The Future of Italian Debt
The European Central Bank will stop stimulating Eurozone economies with its unconventional monetary policy aimed at injecting liquidity to increase inflationary pressure to avoid deflation. The controversial Quantitative Easing program, launched by President Mario Draghi in 2015 to stem disinflation, will officially end in September 2018, as a message to the markets that the financial crisis is now over.
To those unfamiliar with the subject, Quantitative Easing (QE) is an ultra-expansive monetary policy issued by central banks following strong recessions that make conventional policies inefficient, and it comprises purchases of government assets. Its deployment consists of the following steps. First of all, central bank issues cash through the purchase of bonds, financial assets, toxic assets, eventually rising their price and reducing their yield. Therefore, under the assumption that interbank rates are related to bonds’ performance, interest rates are reduced, hence getting more people to engage in borrowings and investments. In addition, lower interest rates on governmental bonds mean a higher confidence on their stability by international investors which makes easier for the government itself to repay interests on its sovereign debt.
Starting from this introduction, the future of Italian public finances remains uncertain. Italy has benefited from this program with a purchase of 300 billion Euros worth of bonds. QE had a positive impact on other several aspects. It removed toxic assets characterized by high risk prospects and low yields from the state coffers. It also improved the position of the Italian government as a borrower by allowing the state to stand out in treasury auctions, avoiding a financial default. However, Italy is facing an existential threat, which has its roots in the European sovereign debt crisis that blew up in 2009 and concerns, among the most affected, Greece, Spain and Cyprus as well.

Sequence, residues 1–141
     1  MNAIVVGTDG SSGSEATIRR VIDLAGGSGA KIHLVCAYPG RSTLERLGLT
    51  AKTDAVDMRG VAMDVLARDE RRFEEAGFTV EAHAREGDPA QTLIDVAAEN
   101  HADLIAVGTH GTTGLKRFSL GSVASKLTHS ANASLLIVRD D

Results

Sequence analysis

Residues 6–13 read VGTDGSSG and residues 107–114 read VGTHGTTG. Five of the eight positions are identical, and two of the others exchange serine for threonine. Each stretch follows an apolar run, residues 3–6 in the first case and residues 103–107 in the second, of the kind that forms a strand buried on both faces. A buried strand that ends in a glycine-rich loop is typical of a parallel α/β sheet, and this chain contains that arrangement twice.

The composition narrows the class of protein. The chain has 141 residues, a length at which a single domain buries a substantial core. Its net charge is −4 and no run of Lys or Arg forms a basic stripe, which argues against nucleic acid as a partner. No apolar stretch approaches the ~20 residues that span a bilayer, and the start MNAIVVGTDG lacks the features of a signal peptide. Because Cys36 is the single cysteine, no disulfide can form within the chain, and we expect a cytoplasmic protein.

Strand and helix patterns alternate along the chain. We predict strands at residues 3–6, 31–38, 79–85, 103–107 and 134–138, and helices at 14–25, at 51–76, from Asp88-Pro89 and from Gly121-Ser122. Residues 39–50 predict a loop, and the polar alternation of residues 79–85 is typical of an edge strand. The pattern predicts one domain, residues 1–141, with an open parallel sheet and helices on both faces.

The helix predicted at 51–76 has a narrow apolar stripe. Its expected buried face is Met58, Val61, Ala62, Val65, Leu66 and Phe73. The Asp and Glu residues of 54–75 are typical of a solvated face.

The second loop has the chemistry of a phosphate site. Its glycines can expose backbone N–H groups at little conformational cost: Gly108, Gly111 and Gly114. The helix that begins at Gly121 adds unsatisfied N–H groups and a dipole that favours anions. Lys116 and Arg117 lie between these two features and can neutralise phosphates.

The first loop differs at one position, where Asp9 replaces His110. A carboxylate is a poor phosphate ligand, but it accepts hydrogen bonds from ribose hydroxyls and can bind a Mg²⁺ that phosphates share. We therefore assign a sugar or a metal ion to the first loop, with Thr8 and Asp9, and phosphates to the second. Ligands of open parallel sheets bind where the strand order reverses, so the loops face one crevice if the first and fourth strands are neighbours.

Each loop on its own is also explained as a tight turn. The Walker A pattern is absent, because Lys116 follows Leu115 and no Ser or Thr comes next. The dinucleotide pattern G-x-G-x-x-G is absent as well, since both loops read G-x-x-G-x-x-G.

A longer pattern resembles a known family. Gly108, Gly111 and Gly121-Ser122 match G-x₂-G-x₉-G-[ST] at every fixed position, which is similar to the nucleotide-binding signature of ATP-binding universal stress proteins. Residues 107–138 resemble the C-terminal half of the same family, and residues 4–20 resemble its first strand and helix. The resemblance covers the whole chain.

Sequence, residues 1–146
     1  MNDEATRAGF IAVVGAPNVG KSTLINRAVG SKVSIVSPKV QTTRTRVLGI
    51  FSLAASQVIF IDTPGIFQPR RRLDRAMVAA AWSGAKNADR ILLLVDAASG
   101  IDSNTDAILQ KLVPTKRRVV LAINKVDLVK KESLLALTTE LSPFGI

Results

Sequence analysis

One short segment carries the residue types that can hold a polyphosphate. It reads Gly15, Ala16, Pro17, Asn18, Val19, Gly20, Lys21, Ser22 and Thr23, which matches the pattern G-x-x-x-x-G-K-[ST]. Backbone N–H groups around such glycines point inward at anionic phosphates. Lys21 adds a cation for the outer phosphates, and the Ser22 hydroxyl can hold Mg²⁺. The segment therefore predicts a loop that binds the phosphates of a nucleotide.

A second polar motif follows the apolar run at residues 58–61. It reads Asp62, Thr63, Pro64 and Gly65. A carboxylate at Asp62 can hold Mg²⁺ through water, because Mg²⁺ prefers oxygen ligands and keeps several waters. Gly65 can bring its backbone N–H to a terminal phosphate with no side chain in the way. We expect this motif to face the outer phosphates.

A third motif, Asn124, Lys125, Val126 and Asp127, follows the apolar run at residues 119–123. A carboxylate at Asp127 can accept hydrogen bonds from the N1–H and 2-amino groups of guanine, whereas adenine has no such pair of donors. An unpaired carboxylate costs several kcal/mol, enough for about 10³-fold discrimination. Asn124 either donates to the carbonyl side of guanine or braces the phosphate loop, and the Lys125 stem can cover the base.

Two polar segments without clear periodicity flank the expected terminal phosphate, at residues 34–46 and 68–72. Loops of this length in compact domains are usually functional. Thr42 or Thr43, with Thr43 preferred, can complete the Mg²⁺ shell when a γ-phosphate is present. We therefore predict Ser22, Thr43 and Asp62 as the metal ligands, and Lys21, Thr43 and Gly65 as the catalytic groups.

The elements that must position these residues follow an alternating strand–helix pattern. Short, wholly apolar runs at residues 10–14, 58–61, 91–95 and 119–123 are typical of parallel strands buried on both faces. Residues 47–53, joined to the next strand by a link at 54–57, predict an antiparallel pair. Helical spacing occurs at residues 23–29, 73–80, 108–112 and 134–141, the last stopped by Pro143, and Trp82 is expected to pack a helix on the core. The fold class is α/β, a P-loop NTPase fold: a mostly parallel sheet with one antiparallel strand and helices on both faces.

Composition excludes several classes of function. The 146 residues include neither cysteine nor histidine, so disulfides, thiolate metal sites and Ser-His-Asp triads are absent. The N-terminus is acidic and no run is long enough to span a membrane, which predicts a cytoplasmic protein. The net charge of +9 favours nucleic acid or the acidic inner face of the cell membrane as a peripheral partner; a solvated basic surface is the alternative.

Because of bad administration undertaken by the Italian establishment since the 1970s, Italy finds itself in a mine field. Its recovery and growth are too weak to face a possible speculative attack. Yes, many economic and political manoeuvres managed to improve the situation, but a radical change must be carried out by the upcoming government. And the results of the last turbulent elections don’t look promising. Unpopular choices must be taken, and they may result in a loss of consensus.
There is a need for tax reform, aimed at fostering corporate investments and resizing social injustice. A renewal of the banking system, deemed too risk averse and thus deteriorating the relationship with Italian small and medium-sized enterprises. Last but not least, the public administration, an inefficient, corrupted and giant money-grabbing machine needs profound reforms. Demagogic promises made by politicians during the last election campaign are only likely to increase public debt - and its ratio to GDP is already above 130%, a ticking time bomb.
The flat tax and the abolition of the Fornero law would undermine Italian finances and blow up its debt. The former one, while increasing potential employment in the short term, the implementation would put the national budget in further crisis. As for the much-detested Mario Monti’s reform, it saved the Italian pension system by raising the minimum retirement age according to the growing life expectations and current unemployment among the youngest; it was necessary and urgent. Given the 2,250 bln debt, the promises of a flat tax or the opportunity to enjoy an earlier retirement are not affordable, feasible or remotely rational. A fortiori, at the dawn of the QE end.
WRITTEN BY BENYAMIN B. HAKIMIAN FOR BESA
PLEASE DIRECT ANY INQUIRY TO AS.BESA @UNIBOCCONI.IT